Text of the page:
U.S. Army Sgt. Bowe Bergdahl spared prison for leaving post

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U.S. Army Sergeant Bowe Bergdahl, who was held by the Taliban for nearly 5 years before his release as part of a controversial prisoner exchange, was spared prison Friday for endangering fellow soldiers when he deserted in Afghanistan.

Army Colonel Jeffery Nance said Bergdahl should be dishonorably discharged from the Army, demoted to private and forfeit $10,000 in pay. The sentence will be reviewed by General Robert Abrams, who has the power to lessen the punishment, ahead of an automatic appeal.

Bergdahl was facing a maximum sentence of life in military prison after pleading guilty to desertion and misbehavior before the enemy, but prosecutors were only seeking 14 years. Nance did not explain his reasoning for the sentence.

Earlier this week, Nance ruled that President Donald Trump’s recent comments, in which he referred to past statements in which he called for Bergdahl to be executed, did not constitute unlawful command influence. But Nance added that he would consider it a mitigating factor for Bergdahl’s sentencing.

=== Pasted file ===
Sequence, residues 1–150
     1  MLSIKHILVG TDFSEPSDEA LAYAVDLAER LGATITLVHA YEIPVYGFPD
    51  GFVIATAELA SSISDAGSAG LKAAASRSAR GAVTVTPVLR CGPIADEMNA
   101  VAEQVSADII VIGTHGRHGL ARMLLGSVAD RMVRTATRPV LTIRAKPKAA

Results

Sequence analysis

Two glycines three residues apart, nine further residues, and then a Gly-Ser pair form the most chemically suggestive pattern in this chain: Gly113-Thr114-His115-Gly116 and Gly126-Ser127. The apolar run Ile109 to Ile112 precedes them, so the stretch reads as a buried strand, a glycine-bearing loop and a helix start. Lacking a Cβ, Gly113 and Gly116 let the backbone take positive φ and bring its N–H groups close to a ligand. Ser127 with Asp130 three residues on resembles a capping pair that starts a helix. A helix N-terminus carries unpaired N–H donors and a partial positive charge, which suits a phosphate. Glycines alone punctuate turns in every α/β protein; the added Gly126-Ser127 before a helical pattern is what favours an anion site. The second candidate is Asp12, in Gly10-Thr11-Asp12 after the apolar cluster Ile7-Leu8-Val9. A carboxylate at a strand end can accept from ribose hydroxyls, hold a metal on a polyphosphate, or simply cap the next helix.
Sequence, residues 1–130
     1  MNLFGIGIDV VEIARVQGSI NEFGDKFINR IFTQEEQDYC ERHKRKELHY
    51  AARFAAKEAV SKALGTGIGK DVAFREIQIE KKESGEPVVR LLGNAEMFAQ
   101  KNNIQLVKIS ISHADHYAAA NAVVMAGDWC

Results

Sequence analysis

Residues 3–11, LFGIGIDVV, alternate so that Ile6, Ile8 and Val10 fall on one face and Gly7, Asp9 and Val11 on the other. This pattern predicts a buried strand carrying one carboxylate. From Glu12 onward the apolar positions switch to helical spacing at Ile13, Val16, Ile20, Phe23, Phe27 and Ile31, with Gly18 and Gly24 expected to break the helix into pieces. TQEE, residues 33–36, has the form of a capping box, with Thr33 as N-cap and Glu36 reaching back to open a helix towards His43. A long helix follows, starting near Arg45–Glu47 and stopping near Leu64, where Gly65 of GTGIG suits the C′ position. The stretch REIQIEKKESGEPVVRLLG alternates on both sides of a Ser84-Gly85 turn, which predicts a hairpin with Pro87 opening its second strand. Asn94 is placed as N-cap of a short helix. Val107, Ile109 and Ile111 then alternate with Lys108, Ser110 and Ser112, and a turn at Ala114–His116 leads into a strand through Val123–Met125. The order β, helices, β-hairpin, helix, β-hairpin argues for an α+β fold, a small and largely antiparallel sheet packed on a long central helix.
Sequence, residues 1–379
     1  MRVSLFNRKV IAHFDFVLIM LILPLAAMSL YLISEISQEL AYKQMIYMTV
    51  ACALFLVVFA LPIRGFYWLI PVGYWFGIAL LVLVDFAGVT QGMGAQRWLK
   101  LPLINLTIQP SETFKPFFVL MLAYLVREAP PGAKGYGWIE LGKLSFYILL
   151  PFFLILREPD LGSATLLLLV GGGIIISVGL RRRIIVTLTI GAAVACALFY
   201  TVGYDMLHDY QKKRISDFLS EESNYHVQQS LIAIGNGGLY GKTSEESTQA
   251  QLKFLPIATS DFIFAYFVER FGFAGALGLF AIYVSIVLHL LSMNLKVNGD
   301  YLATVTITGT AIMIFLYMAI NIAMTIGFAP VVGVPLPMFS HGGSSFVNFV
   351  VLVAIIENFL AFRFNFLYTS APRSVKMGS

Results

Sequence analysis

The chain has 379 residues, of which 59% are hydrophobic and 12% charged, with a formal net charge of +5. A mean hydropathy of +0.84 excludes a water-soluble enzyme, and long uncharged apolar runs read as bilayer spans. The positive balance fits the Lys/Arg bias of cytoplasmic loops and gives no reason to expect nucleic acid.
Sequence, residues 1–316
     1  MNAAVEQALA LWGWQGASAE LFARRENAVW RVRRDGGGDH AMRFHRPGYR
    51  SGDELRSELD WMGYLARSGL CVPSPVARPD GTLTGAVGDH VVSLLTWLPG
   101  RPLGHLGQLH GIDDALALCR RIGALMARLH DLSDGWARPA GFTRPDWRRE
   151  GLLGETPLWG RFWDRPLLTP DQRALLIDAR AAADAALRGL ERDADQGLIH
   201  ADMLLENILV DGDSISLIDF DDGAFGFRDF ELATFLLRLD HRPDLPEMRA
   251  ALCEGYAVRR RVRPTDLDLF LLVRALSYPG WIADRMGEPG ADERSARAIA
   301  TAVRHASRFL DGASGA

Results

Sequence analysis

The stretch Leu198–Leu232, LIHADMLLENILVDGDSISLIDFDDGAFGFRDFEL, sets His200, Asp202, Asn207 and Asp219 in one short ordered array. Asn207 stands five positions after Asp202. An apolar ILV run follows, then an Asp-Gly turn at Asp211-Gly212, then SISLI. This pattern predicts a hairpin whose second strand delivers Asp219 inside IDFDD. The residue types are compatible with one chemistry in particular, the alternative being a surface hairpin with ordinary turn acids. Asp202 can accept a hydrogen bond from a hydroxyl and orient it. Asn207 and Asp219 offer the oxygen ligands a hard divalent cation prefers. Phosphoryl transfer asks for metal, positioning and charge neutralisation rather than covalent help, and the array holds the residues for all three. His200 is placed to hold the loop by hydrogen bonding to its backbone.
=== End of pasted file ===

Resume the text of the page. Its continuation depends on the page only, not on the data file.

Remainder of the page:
The president quickly condemned Nance’s decision to spare Bergdahl from going to prison. “The decision on Sergeant Bergdahl is a complete and total disgrace to our Country and to our Military,” said Trump, who previously called Bergdahl a “dirty rotten traitor” who should be executed.

Bergdahl disappeared from a combat outpost in southeastern Afghanistan in June 2009 and later appeared in a video released by the Taliban, but the U.S. Army eventually concluded that Bergdahl had left the base of his own free will without authorization before being captured by the Taliban.

Bergdahl was released in May 2014 after President Barack Obama authorized the release of 5 Taliban commanders from Guantanamo Bay. It incited a wave of controversy in the United States, with critics calling Bergdahl a deserter who endangered the lives of his colleagues who tried to find him.

Several soldiers were seriously injured during the search for Bergdahl. “It’s definitely a slap in the face,” former Army Specialist Jonathan Morita, whose right hand was mangled by a rocket-propelled grenade during the search, told Reuters in response to Friday’s sentencing.

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